With regard to the GOP propaganda that “Obama is responsible for higher gas prices”, in view of the DOE assessment of global oil-supply that Bob links to at #9/., this surely is just laying the groundwork for that lie to become critically effective during the 2012 election ?

    Obama’s conduct in pandering to the right while refusing even to mention the looming existential crises of PO & CD makes a single-term presidency look a pretty sure bet. Don’t any of his advisors or his cabinet have the integrity to tell him so ?

    Regards,

    Lewis

  13. From Peru says:

    That the USA crude oil production is growing is a surprise to me, given that USA oil production peaked in the 1970s, 3 decades ago.

    So far, there had been just 2 years of growth. Given that the major, traditional old oil fields are depleting, how long can the new fields developed sustain that growth before the unavoidable decline in production returns?

    By the way, how was the oil extracted in these new fields? “Fracking” shales, as far I know, is used to extract natural gas, not oil.

  14. Zetetic says:

    @ From Peru:
    Actually a form of fracking is used for oil extraction too, it’s just more commonly used for natural gas.

    Oil and Water Don’t Mix with California Agriculture
    In California about 83% of the Kern Vally’s water supply is being used for oil extraction, instead of agriculture or drinking. According to the article, for every 8 barrels of water used they get out 1 barrel of oil and get out 9 barrels of contaminated water, and every year it takes more and more water for each barrel of oil extracted.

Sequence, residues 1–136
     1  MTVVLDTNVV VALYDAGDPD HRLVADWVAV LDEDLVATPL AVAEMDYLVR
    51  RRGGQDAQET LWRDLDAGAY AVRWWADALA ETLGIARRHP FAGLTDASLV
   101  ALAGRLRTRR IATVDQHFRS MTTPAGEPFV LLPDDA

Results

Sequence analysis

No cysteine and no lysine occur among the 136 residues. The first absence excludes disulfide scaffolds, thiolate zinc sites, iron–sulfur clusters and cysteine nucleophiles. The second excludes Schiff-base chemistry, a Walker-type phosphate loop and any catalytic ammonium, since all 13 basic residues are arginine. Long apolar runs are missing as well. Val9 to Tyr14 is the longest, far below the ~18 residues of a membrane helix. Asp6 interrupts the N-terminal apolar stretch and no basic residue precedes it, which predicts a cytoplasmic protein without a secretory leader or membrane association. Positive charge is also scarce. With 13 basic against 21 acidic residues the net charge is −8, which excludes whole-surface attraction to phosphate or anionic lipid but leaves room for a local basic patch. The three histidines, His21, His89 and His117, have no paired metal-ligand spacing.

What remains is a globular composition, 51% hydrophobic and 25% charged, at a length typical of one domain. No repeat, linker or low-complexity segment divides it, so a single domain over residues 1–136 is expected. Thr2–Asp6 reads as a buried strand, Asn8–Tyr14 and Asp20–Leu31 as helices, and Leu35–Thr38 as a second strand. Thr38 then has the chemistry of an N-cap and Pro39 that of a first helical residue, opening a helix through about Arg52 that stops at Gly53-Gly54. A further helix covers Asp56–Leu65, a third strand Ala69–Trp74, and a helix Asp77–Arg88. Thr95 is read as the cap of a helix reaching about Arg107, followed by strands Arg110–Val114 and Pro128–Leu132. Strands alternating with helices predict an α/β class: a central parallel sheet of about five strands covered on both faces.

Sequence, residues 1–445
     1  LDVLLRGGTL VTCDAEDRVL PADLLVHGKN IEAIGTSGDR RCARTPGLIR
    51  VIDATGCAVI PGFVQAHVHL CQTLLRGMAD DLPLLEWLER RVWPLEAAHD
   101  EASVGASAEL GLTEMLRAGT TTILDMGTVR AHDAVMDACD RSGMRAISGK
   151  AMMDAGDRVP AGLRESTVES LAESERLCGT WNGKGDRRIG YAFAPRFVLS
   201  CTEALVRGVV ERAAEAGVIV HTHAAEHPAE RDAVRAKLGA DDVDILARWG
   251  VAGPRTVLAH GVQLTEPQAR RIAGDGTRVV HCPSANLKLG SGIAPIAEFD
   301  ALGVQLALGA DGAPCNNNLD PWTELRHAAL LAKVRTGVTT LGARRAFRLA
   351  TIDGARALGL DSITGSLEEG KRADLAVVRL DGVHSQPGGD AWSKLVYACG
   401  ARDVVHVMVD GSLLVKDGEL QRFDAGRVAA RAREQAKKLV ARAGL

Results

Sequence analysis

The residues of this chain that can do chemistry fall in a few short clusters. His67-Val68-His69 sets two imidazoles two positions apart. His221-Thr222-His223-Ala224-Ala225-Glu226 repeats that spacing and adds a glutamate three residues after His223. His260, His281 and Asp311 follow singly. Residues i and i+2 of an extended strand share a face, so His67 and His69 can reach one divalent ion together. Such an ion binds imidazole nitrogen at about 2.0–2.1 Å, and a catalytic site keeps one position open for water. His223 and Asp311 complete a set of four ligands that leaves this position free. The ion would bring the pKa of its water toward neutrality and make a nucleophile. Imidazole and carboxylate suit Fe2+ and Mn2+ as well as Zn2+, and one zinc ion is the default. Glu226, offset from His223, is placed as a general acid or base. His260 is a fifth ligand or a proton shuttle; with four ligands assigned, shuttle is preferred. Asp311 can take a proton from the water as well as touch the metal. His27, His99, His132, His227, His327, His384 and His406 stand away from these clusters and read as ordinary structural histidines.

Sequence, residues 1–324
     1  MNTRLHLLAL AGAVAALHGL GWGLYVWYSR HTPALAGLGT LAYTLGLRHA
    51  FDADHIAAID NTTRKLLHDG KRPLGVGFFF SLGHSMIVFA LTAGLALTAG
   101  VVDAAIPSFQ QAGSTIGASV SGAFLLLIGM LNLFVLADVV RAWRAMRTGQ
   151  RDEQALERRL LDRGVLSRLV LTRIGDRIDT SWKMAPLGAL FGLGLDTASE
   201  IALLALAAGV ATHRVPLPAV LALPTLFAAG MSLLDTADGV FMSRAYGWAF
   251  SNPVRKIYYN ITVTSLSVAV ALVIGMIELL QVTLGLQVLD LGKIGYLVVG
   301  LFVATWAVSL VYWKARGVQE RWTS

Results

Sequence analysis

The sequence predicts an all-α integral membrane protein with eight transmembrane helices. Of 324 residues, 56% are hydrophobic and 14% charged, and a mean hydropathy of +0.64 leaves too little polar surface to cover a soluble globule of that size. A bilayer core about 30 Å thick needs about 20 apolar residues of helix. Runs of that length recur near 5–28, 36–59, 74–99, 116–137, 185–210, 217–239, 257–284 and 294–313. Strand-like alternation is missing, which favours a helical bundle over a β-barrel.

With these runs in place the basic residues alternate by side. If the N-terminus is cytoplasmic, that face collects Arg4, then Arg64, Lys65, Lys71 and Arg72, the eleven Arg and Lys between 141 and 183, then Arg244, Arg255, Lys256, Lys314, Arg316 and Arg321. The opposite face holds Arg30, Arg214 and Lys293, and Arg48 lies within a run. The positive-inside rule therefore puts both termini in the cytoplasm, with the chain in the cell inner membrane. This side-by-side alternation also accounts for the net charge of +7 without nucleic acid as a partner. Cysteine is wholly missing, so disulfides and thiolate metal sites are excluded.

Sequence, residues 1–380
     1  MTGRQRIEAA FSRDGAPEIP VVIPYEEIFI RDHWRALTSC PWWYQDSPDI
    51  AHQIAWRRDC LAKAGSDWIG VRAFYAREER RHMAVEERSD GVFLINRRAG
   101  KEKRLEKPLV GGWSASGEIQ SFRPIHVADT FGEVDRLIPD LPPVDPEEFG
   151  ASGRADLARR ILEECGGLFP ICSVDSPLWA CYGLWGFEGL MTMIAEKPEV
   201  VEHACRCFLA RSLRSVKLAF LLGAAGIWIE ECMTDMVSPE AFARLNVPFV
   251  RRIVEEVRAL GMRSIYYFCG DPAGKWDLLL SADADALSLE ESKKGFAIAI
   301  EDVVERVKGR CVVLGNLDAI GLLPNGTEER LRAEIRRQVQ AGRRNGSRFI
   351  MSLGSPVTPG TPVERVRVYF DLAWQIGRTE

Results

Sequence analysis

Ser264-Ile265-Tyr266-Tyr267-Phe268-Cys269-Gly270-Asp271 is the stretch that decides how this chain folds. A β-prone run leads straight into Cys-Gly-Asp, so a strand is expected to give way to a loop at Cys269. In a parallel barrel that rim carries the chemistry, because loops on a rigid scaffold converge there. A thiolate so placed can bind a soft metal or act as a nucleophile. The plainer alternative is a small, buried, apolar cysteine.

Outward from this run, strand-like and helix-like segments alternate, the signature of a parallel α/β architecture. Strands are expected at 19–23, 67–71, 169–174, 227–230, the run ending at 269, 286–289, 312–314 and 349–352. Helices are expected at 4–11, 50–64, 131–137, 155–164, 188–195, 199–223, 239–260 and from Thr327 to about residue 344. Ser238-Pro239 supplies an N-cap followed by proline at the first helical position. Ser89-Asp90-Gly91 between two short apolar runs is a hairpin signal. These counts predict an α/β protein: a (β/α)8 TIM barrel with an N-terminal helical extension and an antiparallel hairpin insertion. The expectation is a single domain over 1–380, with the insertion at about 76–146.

15. Magnus W says:

    For Every Green Job, Four Other are Lost (UK)

    Anyone have comments on this study?
    http://www.offshorewind.biz/2011/03/02/for-every-green-job-four-other-are-lost-uk/

  16. Peter M says:

    ‘Drill Baby drill’ seems more like a slogan, then it having any real impact on gasoline prices. But cheap slogans come easy with the fossil fuel crowd- like ‘Strength through Joy’ :-(

  17. Robert says:

    Petrol, sorry “gas”, is so cheap in the US it is ridiculous. Well, that’s how it seems from the UK side of the pond.

    http://money.cnn.com/2011/03/10/news/international/gas_prices_worldwide/index.htm

    I drove up the M1 from London to Nottingham and back yesterday. Regular unleaded was on sale at the service stations for around £1.42 / litre (about $9 per US gallon I think). The queues and congestion were the same, as are the endless roadworks for road widening schemes to accommodate more and more vehicles.

    Oil needs to get a lot more expensive in the US to make any difference to consumption, but don’t underestimate how inelastic demand can be. With 2 people in the car (1.2 Polo) the round trip cost is still not much money (about £25 or $40) which is much less than the return train fare for 2.

  18. Roger Blanchard says:

    For From Peru (#13),

    I was certainly predicting by at least 2008 that U.S. oil production would increase in 2009 and 2010 (see #2 above). In an addition to what I wrote above, 6 fields with summed peak production of 825,000 b/d were added in the deepwater GOM during 2007-2010. Only 2 fields with summed peak production of 90,000 b/d will be added to the deepwater GOM during 2011-2013.

    I think U.S. oil production should start declining again soon but it will be slowed by development in the Bakken Shale region.

    They are using fracking in the Bakken Shale region to help extract oil.

    Roger Blanchard
    Sault Ste. Marie, MI

  19. Zetetic says:

    @ Mangus W:
    Just off the top of my head any story that quotes James (I don’t read the research) Delingpole and the Daily Fail’s denialists is automatically suspect. Also the story itself comes from Investors Business Daily, which makes it additionally suspect.

    It smells like another fossil fuel funded smear campaign, but it bears further investigation to really tear apart.